Hand Holding Needed for Elderly Semi-handicapped Woman (Long)
I used to landscape our homes, several large areas over a forty year period. My back and hips gave out and I am now too weak to even get down on the floor, bend much, or walk far.
When my father died eleven years ago, I took a large planter home from the funeral home. A couple of years later I divided the group and kept a nice sheflera (SP?) and Norfolk Island Pine. The Pine grew too large and I gave it to someone with higher ceilings. I still have the sheflera in the same rather large pot. It has seen a fair amount of neglect in it's place near a shaded window, often not watered often enough, rarely fed. But it keeps on growing and I keep trimming it back. I don't know what I used for potting soil but likely added per-lite since I had lots left from my landscaping days. It is rarely fertilized.
Four years ago I brought another planter home from my mother's funeral and put it also in a place where it wasn't in plain sight. It desperately needs to be separated and plants potted separately: a peace lily that was neglected until I would notice the leaves limply crying for water; a boston fern which seems to be doing well, and what is, I think, a dracena. The ivy died long ago. There is a volunteer shefflera - looks like the smaller leaved kind, that is small. I cut it off at the base and stuck it in some soil recently (can't remember where I got the soil) and it is sending out new leaves. Now I discovered that the bit of stalk left in the pot is sending up new growth. This container has been fertilized once in four years.
We moved recently to a house with more windows and those plants are in a place where they are much more noticeable so I am enjoying and giving them more attention - picking off dead leaves, clearing the top of the soil, etc. And I found an urge to start growing houseplants. So I bought a half dozen different kinds that are supposed to be fairly easy: several small pothus, a diffenbachia, dracena, spider plant with babies attached, snake plant. Another one that was recommended and I forget the name.
They came from a couple of reputable nurseries, and walmart. I am careful to not over water, though the pothus are small in two inch pots, and I think they like moisture, so I do give them a drink more often. The soils from each place are not ideal, even from the nurseries, and they vary. One would not hold the water at all. It ran right through. I had to leave water in the saucer to let it soak it up. The spider plant (large) held so much water it went from light to heavy. It's just now getting a little lighter so I'll start checking it again. I would like to start the babies in pots. None of the plants seem to distribute water evenly like the ones I have had for years. The pothus seems to be in ok soil, but will need larger pots soon.
I also have an orchid given me on Christmas and it seemed to do well. I followed instructions, two tablespoons of water a week. Last week it displayed sudden distress. All the flowers withered. My husband helped me get the inner plastic holder out of the pot and I discovered that the lower third of the soil was waterlogged. I found a larger container and put some rinsed gravel from decorative gravel around the house on the bottom of the pot, wrapped the clear plastic inner pot in tinfoil to shield the roots from light, and put it on the gravel, hoping it would air out and dry the lower soil. I watered it a few drops today since the bottom looked dry. I'm not partial to orchids since I like more foliage, but since it was a gift I would like to save it if possible.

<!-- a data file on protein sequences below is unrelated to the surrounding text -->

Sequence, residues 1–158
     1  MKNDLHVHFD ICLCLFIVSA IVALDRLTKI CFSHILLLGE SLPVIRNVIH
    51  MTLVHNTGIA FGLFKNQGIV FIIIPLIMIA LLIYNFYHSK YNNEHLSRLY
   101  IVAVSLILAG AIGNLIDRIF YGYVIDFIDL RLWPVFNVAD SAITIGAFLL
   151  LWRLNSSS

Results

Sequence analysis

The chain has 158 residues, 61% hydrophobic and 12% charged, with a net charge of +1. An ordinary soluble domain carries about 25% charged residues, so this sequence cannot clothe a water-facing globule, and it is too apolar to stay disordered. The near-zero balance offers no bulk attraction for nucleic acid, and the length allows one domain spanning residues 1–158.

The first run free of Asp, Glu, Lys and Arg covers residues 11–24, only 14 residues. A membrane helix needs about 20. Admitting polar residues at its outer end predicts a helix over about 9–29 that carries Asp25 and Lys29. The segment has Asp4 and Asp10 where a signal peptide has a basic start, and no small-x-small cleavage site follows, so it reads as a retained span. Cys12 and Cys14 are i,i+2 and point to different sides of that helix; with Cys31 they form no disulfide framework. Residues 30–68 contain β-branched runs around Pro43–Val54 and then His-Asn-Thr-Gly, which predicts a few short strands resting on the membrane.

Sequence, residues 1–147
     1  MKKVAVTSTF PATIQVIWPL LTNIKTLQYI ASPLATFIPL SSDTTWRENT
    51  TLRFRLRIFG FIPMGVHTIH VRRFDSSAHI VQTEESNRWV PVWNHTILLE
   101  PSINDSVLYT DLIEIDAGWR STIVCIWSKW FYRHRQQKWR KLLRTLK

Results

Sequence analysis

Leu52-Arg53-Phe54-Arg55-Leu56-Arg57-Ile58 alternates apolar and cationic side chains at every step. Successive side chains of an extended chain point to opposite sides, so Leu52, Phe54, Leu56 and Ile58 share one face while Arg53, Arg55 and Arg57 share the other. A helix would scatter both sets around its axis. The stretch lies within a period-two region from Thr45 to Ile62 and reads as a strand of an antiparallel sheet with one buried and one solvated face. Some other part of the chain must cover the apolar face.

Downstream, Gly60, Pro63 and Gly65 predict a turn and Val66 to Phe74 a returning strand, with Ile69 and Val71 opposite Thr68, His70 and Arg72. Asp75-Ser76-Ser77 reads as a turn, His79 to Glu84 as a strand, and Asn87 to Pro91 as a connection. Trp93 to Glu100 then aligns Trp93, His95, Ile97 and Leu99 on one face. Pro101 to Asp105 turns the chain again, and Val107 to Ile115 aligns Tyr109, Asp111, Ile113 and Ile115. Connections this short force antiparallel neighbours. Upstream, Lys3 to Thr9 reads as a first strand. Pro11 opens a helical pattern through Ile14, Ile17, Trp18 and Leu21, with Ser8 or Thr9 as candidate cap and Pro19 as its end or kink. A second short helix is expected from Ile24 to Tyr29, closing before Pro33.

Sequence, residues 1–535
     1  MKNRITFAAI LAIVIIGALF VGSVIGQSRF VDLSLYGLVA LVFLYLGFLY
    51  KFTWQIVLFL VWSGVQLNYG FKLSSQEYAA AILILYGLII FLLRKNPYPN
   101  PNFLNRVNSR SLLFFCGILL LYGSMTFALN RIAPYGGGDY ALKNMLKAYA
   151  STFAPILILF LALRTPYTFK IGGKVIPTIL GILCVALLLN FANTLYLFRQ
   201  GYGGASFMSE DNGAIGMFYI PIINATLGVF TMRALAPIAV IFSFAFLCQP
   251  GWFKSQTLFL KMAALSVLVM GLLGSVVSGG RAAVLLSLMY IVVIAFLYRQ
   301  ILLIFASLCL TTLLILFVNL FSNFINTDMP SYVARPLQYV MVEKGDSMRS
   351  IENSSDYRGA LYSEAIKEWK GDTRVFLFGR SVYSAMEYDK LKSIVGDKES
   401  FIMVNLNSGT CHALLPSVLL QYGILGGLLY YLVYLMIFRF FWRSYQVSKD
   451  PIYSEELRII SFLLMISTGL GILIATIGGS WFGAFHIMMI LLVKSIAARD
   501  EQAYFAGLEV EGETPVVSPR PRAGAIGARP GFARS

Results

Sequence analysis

I have moved all the plants into larger outside pots on gravel to catch over drainage and hopefully keep things from getting water logged.
Hopefully you are still with me. It seemed I needed you to know where I'm starting from. With all this, I do not have enough places with good light. We have a lot of windows, but because of the setup there is little room for plants near the windows, just at the sides and further into the house. The snake plant and pothus are in low light, but so far seem to be doing well. I haven't watered the snake plant yet because I heard it needs to stay fairly dry.
Potting soil. I have read so much in your forum on potting soil, so many ideas, that my aging brain is "waterlogged" and it's all leaking out. The idea of screening soil sounds like a major undertaking for me. I can't handle large bags of material. I could put a table in the garage to use to mix ingredients from smaller bags.
I like the idea of a gritty mix, but am totally overwhelmed by all that I'm reading about it.
So now to my request for advice:
Are there a few simple ingredients that would likely be available in smaller bags in the Grand Rapids, Michigan area? Is there a way to make or buy a set up for screening on a small scale? Small screens? I don't mind using clay pots (used to grow a large number of african violets under lights in clay pots; twenty years ago.) But I like the idea of putting them in larger decorative pots (air around them, not tight) and on gravel to be sure water drains out if necessary. Besides that would add humidity in our dry winters.
I know much of the advice is for people who are using large bags of ingredients, wheel barrows, etc. which I can no longer do. Would you offer advice that is workable within my limitations?
If you read all this post, I thank you. And thank you for any help.